From trailblazers like Ottolenghi and Moro to buzzy newer joints Bala Baya and Shuk, London’s love affair with Middle Eastern food is burning hotter than ever right now. So, when small plates spot Bubala – an endearing term in Yiddish for ‘sweetheart’ or ‘darling’ – joined the scene, popping up in one-off supper clubs and restaurant takeovers around the city, its competition was stiff.
Where the restaurant sets itself apart, is its focus on vegetables. Bubala is essentially a vegetarian restaurant – not that it’s showy about it, mind. You won’t find it branded or singled out as such. Instead, founder Marc Summers (ex-general manager of Berber & Q) and head chef Helen Graham (formally of The Palomar, The Barbary and The Good Egg) give vegetables the limelight on their menus and let the good quality, fresh ingredients do the talking. The result is a smorgasbord of vegetable dishes that zing with surprising-but-delicious flavours to please any dietary persuasion, including staunch meat-eaters.
Since opening its first permanent restaurant in Spitalfields in 2019, some of these meat-free small plates have become legendary, like the honey-drenched half moons of halloumi sprinkled with nigella seeds, the brown butter humous and crunchy cubes of confit potato latkes. This is veg lovingly grilled, roasted, charred and expertly laced with spice to make even the blandest of plants hum with lively flavour. It’s not surprising a second Soho restaurant quickly followed this year.
While there are influences of Spanish and Mediterranean cuisines through the menu, its heart remains solidly in Israel. Even the restaurants’ decor – terracotta-stained walls and jewel-bright tiles – is inspired by Tel-Aviv’s modern cafes and the Israeli city is close to Marc’s heart being where his family spent their annual summer holidays growing up.
Here, Marc gives us his insider tips for where to eat like a pro in Tel-Aviv.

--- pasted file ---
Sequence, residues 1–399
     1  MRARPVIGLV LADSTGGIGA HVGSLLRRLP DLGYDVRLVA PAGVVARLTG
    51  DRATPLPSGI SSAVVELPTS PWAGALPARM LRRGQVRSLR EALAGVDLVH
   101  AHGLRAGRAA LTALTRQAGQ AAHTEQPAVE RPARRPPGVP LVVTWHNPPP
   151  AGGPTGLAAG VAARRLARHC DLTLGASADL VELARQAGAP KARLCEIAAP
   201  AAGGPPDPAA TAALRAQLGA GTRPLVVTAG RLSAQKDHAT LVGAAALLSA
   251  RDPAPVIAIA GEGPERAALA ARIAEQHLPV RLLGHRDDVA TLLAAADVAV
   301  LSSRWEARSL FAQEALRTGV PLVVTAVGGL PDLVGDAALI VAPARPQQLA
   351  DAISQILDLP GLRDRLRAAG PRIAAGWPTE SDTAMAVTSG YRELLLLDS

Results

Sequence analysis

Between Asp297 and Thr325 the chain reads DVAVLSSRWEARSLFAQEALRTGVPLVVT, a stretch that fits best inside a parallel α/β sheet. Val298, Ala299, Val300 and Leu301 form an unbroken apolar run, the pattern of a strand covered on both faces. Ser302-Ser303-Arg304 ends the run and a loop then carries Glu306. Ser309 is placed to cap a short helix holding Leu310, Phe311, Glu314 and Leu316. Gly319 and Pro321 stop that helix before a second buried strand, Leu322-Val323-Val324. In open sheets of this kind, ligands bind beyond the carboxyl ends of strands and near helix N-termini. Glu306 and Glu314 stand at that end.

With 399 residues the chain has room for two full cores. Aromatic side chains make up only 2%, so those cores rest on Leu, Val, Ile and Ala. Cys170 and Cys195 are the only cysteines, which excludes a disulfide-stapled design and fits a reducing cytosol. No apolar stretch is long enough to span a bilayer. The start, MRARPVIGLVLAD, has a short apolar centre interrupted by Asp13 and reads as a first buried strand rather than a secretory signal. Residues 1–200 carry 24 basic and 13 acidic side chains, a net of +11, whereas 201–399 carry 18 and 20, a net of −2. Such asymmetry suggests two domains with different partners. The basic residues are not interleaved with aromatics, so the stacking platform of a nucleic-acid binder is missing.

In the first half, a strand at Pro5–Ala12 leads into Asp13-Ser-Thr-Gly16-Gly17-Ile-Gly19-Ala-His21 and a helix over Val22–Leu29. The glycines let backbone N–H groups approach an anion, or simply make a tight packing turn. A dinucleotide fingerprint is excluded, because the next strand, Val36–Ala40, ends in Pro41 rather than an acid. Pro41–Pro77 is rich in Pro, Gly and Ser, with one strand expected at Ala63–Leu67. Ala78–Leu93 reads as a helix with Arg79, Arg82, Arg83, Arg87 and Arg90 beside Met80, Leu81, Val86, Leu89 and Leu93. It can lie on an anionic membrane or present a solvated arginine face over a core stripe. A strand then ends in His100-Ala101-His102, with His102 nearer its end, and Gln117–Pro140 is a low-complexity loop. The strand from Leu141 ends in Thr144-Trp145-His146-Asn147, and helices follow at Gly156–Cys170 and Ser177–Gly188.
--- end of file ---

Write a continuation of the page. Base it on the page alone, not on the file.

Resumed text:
✈ Fly to Tel Aviv – book flights
Romano: "I'll start by saying this is my favourite restaurant in Tel Aviv. Romano encompasses what eating in Tel Aviv is all about; vibrant cooking, great energy and a setting that cannot be matched. Picture an old, derelict-looking building from the outside that opens up to a magical courtyard, with Romano sitting beautifully on the top floor. I have not experienced a vibe anywhere like it in the world. Go with a big group, order the majority of the menu and just soak up the atmosphere."
Derech Jaffa 9
Hashomer 1: “This was a gem of a food van I stumbled upon in Shuk Carmel. It really is the best street food in Tel Aviv with the freshest challah bread. Take a walk in the market, get a boreka to snack on and then head to Hashomer 1 for lunch. Sit on the food truck and just marvel at what can be done from a tiny truck kitchen.”
Carmel Market, HaShomer St 2
Port Said: “... is the first place I go to whenever I land in Tel Aviv as I instantly feel relaxed and in holiday mode. There's always a buzz that I crave from eating out. I must admit the chicken livers and tahini are on my mind all year round, there’s nothing quite like it. Sat with a cold beer, overlooking the historic Great Synagogue and sharing some of the best food in Tel Aviv is a dream and I already can’t wait to go back.”
Har Sinai 5
Abie: “... is an incredible restaurant from brothers Asaf and Yotam Doktor who also own Dok and Ha’achim (which are amazing too!). The brothers showcase some seriously innovative cooking and there is nowhere better to enjoy the best and freshest fish and seafood in Tel Aviv. I love an open kitchen so I get a seat at the bar and watch the chefs all night.”
Lincoln St 16
Hakosem: “Tel Aviv has some of the best falafel you will ever have in your life and nowhere sums this up more than Hakosem. The ‘magician’ Ariel Rosenthal has created the best falafel pita I’ve had in Israel. The crispy aubergine takes it to another level!. Beware, the pita will leave you covered in tahini.”
Shlomo HaMelekh St 1